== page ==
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Young riders rule Cheakamus Challenge

Plaxton, Kindree and Federau battle for first

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The 21 st Annual Cheakamus Challenge took place on Saturday, Sept. 24 with a new course and some of the best racing conditions in the events long history.

There was a bit of trouble at the start, with a crash taking down several riders on the first gravel road section, but otherwise the day went smoothly for most of the field.

At the front, it was Tofino’s Max Plaxton who set the pace this year. He was the first rider out of the Cheakamus Canyon, capturing the $100 Lumpy Leidal Prime presented by the Leidal family.

For Plaxton, 20, this was his fourth Cheakamus Challenge and the first time he won the event. He was second last year to Andreas Hestler, who admitted he had nothing left in the tank after racing hard in the West Side Wheel Up and Samurai of Singletrack the previous two weekends.

Plaxton finished the course in three hours, 10 minutes and 14 seconds, averaging 22.24 kilometres an hour on the almost 71 km course. He finished just three seconds up on 18-year-old Squamish rider Neal Kindree, who has emerged as one of Canada’s top up and coming cross-country athletes.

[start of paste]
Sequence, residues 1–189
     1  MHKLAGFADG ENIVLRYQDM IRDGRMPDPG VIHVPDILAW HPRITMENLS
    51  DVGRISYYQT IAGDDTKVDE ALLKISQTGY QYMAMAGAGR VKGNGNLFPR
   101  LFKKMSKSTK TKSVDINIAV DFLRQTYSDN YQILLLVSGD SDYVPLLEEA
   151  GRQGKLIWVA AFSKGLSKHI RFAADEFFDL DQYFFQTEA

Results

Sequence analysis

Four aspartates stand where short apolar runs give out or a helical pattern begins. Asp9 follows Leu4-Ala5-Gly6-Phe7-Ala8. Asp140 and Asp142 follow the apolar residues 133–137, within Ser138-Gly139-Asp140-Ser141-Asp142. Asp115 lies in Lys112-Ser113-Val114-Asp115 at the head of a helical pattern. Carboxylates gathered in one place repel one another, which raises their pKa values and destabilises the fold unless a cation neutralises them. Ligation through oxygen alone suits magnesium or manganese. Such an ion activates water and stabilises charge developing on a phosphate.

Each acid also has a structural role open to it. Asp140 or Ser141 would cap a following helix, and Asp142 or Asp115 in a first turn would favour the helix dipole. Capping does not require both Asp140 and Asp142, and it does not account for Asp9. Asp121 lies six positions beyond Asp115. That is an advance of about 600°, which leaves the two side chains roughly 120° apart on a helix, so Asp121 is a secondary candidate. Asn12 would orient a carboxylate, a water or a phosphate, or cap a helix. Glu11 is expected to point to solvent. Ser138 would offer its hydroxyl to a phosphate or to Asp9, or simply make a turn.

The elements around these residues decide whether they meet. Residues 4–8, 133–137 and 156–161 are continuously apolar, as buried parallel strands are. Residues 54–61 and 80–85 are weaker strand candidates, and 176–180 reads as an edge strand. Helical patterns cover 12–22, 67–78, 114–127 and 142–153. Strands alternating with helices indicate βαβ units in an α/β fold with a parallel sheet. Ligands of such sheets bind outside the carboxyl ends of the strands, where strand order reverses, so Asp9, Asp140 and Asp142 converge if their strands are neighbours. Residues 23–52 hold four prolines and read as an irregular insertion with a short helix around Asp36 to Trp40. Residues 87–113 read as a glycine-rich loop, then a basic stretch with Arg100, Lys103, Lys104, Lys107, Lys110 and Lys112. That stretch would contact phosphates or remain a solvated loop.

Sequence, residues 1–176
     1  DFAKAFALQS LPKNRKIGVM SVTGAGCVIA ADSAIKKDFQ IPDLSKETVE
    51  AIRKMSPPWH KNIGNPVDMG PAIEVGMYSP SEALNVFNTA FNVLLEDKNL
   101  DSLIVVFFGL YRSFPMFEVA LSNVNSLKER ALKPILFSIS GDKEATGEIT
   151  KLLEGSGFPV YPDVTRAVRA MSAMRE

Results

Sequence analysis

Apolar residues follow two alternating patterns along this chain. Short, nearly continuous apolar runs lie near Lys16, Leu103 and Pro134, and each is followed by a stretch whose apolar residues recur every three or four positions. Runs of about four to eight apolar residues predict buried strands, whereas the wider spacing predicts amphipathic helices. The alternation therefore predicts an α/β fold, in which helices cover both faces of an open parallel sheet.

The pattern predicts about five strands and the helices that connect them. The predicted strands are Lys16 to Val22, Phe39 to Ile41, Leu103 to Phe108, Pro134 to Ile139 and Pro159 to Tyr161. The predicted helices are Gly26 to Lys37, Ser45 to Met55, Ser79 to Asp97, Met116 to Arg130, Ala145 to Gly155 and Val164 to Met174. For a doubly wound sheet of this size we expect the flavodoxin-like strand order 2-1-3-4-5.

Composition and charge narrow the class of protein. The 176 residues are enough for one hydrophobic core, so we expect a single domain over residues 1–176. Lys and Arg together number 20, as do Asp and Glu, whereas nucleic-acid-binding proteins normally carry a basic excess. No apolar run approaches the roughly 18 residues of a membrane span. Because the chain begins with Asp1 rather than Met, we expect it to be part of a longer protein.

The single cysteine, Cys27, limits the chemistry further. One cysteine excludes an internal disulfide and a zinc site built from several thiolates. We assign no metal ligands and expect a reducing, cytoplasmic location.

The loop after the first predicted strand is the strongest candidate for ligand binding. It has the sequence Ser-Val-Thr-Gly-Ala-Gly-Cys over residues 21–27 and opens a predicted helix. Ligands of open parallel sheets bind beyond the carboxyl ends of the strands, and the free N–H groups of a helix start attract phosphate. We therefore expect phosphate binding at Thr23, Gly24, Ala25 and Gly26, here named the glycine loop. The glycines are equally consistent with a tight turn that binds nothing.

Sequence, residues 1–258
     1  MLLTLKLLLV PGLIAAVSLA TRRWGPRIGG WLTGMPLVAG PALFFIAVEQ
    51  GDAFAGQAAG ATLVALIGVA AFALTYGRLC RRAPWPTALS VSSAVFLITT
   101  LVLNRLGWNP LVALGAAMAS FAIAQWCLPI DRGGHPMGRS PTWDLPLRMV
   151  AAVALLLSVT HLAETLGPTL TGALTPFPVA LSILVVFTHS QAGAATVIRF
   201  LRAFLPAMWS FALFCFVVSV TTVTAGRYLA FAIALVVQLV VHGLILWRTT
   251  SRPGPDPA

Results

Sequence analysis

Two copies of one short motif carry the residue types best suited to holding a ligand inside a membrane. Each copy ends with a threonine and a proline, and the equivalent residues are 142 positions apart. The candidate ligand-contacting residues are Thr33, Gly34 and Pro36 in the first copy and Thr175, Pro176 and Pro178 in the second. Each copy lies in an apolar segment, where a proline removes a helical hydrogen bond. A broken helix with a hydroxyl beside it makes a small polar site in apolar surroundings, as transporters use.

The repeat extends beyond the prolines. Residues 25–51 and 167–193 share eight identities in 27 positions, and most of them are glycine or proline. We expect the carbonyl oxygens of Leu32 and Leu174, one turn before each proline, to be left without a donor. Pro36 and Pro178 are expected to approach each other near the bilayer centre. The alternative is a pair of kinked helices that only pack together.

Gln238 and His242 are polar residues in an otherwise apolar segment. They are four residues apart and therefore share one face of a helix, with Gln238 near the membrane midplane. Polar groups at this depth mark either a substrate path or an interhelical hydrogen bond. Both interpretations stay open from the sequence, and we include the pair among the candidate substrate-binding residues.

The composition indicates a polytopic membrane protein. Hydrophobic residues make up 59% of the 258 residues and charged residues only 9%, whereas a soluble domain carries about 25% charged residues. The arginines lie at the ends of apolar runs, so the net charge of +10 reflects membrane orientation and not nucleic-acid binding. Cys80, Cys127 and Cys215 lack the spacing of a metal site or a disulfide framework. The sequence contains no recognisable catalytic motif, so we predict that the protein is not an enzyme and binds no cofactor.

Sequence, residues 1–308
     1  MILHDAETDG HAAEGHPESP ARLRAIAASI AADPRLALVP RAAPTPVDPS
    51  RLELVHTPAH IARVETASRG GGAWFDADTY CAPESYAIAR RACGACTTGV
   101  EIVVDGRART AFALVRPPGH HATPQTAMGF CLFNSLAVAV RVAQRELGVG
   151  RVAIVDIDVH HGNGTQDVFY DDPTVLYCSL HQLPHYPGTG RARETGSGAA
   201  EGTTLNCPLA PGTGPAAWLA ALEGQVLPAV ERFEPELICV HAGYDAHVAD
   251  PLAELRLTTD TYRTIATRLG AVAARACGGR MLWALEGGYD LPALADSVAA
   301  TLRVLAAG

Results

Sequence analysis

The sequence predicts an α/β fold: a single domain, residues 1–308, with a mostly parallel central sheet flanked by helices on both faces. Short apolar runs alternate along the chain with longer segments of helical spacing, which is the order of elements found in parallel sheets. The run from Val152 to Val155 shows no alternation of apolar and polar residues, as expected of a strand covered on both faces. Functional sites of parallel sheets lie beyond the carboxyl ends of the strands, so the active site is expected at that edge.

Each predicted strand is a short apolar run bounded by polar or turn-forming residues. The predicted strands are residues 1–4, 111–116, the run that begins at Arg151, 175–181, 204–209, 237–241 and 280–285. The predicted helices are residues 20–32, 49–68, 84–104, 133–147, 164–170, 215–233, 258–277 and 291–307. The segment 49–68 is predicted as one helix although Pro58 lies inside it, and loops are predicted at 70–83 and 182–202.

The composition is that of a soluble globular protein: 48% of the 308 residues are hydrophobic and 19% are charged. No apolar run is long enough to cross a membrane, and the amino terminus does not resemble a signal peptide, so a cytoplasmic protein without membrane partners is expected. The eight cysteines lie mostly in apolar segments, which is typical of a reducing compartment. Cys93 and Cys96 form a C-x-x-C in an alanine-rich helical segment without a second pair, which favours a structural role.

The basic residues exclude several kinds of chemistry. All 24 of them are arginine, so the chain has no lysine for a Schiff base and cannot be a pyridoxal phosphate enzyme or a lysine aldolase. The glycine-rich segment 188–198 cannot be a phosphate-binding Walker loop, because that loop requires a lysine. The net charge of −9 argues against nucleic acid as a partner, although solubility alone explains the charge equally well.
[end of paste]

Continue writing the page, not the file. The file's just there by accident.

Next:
Plaxton said it was a battle to keep the lead. "I definitely felt (Neal) a lot. At one point I was told I had about 30 seconds, so I knew he was closing the lead and he bridged up a lot on the singletrack. I was riding a little more conservatively, and that made it really close. He’s one to look out for, for sure."

Third place went to Ricky Federau of Abbotsford with a time of 3:13:57. Kris Neddon of Victoria was fourth, Michael Hunter of North Vancouver fifth, while Andreas Hestler was sixth by a fraction of a second.

Hestler had been going for wins in the Wheel Up, Samurai and Cheakamus Challenge, but knew early on that he didn’t have it Saturday.

"I’m tired," he said. "I had a flat up near the start, but that didn’t throw me off too much. In a way it was over before it started. I kept pushing to get to the end, but it was all over long before that.

"When you race with these young guys you need to bring your ‘A’ game, and I brought my ‘C’ game – C-plus maybe."

In the women’s pro category it was Trish Sinclair’s race from start to finish. She completed the course in 4:00:29, almost seven minutes ahead of Squamish’s Meghan Kindree.

Whistler’s Joanna Harrington was the third women across the line, in 4:08:16, just 1:02 back of Kindree.

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